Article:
As recruitment companies, we put a lot of effort into listening to what candidates want, finding out what’s missing in their career (or life) and then generating a buzz about job opportunities that fill this void. This is particularly important when motivating passive candidates. Hiring managers need to match that tone during interview or risk killing the deal stone dead.

     

  • Show genuine interest in every candidate. Recruitment professionals and hiring managers are part of a team and it is everybody’s responsibility to maximize the chances of a good hire. While a good recruitment firm will provide you with plenty of background information on each candidate, it is up to those doing the interviewing to probe deeper into relevant areas of interest.
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    Many candidates will have digital profiles on sites like LinkedIn and interviewers can use these to build rapport and ask pertinent questions. The best applicants are likely to be well-rounded individuals with achievements and interests outside of work. Be sure to talk to them about these aspects of their life.

     

  • Respect your interviewee’s time. As an interviewer, you will expect candidates to arrive on time, to take care with their appearance and to behave professionally. Make sure you hold yourself to those same standards?
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    If you or other interviewers arrive late, are disorganized or look scruffy, you will not only show a lack of respect for the candidate, you are giving a bad first impression of your company culture. Always remember that an interview is a two-way process and that every interviewee will be making judgments about what working for you would be like.

     

  • Be relevant and up to date. In many industries, the most skilled candidates will be used to working with cutting-edge technology, both in their work and personal lives. If your recruitment and operational processes are still stuck in the dark ages, they may feel that working with you will be a step backward.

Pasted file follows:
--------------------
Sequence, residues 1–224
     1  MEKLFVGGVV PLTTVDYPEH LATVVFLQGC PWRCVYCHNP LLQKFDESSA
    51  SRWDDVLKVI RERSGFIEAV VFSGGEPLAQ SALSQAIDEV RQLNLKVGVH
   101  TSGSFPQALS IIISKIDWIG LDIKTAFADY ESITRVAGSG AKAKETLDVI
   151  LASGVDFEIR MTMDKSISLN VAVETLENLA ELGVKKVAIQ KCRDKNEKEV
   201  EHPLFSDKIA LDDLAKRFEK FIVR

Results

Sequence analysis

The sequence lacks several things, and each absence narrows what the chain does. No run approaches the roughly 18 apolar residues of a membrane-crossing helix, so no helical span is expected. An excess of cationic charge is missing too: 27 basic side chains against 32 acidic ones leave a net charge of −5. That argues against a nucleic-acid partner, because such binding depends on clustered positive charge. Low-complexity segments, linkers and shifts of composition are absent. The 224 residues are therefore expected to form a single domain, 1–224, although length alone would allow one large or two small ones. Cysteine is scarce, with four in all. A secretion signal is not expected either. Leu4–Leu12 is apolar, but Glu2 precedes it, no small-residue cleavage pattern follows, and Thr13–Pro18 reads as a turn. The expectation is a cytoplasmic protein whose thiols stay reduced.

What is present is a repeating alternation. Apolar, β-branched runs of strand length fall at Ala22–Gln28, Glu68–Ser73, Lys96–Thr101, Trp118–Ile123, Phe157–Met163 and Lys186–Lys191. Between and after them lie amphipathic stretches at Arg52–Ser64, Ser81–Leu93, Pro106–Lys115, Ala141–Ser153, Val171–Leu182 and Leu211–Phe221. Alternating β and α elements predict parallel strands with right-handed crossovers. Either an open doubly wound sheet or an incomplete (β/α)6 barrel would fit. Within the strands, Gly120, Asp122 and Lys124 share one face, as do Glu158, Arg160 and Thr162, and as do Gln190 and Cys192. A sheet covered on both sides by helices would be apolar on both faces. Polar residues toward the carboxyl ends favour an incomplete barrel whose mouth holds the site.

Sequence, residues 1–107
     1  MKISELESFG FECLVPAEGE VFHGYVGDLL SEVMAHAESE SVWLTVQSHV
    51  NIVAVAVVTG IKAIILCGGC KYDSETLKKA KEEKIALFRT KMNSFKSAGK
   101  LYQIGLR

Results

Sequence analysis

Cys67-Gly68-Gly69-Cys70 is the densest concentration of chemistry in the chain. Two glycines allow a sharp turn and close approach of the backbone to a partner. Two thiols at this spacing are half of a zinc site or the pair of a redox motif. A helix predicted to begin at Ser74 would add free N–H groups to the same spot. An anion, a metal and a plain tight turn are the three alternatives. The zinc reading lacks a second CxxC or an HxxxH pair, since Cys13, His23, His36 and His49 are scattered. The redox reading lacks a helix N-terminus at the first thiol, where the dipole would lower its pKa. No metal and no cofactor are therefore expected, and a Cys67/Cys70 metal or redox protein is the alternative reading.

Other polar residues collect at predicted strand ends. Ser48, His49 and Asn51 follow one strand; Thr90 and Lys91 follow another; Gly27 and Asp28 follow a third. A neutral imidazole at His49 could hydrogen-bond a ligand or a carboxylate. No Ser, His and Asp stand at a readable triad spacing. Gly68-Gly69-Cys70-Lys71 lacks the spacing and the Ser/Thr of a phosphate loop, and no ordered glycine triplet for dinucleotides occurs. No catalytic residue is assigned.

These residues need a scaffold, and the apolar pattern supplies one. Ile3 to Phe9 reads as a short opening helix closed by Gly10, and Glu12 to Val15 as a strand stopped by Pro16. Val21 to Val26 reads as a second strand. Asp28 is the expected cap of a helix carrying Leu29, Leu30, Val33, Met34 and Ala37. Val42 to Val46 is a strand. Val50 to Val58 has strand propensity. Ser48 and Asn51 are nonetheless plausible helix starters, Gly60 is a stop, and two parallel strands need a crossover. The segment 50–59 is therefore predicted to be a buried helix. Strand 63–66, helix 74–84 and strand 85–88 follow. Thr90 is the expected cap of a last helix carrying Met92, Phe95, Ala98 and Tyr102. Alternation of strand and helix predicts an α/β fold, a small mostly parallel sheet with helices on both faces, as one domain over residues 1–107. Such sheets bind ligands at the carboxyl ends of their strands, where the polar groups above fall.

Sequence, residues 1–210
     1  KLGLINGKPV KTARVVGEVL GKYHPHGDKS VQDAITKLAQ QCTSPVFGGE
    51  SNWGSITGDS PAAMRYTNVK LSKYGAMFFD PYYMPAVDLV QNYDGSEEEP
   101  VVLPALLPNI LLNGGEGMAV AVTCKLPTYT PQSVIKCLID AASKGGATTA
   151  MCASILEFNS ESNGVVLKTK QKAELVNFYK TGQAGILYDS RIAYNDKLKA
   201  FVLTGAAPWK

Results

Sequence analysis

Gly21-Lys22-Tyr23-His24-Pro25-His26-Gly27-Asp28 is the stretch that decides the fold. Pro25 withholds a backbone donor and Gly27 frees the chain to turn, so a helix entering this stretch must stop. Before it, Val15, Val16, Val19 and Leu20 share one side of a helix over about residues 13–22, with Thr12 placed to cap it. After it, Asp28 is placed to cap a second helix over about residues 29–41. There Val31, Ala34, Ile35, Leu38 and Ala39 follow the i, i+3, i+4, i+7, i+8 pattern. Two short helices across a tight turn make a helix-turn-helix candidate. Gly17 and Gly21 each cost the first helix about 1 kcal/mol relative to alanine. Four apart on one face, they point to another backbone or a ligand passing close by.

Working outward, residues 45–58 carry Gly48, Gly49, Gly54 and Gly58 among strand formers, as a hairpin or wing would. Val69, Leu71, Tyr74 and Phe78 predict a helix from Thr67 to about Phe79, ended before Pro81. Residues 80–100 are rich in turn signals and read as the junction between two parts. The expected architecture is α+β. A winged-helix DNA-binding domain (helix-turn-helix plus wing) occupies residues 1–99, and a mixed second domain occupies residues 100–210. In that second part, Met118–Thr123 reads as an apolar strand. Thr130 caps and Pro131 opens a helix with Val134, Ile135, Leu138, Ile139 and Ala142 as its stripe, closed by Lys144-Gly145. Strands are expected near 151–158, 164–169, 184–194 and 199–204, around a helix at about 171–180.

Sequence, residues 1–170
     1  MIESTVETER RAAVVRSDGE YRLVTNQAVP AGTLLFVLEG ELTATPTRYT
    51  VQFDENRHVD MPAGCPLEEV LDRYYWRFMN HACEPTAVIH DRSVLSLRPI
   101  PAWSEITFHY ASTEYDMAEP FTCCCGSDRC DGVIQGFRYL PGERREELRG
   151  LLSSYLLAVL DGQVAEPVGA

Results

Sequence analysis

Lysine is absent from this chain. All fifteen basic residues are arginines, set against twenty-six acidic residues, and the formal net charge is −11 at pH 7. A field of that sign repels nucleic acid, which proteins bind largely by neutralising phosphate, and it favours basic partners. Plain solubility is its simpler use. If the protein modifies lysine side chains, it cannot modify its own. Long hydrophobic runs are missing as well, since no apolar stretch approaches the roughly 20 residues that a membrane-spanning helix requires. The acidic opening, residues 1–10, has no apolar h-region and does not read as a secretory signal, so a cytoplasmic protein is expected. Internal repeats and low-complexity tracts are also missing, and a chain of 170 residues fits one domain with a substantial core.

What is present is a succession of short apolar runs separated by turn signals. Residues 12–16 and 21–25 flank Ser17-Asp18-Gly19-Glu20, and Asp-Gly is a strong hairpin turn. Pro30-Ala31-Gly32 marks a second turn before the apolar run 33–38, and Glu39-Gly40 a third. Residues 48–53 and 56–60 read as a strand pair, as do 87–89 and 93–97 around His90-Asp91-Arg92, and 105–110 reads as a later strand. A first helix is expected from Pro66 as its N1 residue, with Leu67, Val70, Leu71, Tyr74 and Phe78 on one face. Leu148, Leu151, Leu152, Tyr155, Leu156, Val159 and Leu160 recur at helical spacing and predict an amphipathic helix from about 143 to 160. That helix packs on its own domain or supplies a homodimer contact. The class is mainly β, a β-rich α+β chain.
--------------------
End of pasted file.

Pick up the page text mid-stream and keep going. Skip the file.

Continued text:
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    Do you use cloud-based software applications to streamline your processes? Are you comfortable communicating via video conferencing programs like Skype or collaborating with Slack? Consider upgrading your tech to appeal to the sharpest minds. You could even conduct time-saving video interviews. These are ideal for passive candidates who may find it difficult to attend a face-to-face interview.

     

  • Learn and improve. No interview process is perfect and not every candidate will decide to take up your offer. The important thing is for all recruitment stakeholders to work together, reflect on each campaign and continually improve their processes.
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    The talent you need is out there. Following the guidelines above will help you and your chosen recruitment partner form a strong and mutually beneficial partnership.

     

    Resources

     

    1. https://about-content.glassdoor.com/en-us/workplace-culture-over-salary/

    2. https://www.gartner.com/en/human-resources/insights/employee-engagement-performance/employee-value-proposition

    3. http://press.careerbuilder.com/2017-12-07-Nearly-Three-in-Four-Employers-Affected-by-a-Bad-Hire-According-to-a-Recent-CareerBuilder-Survey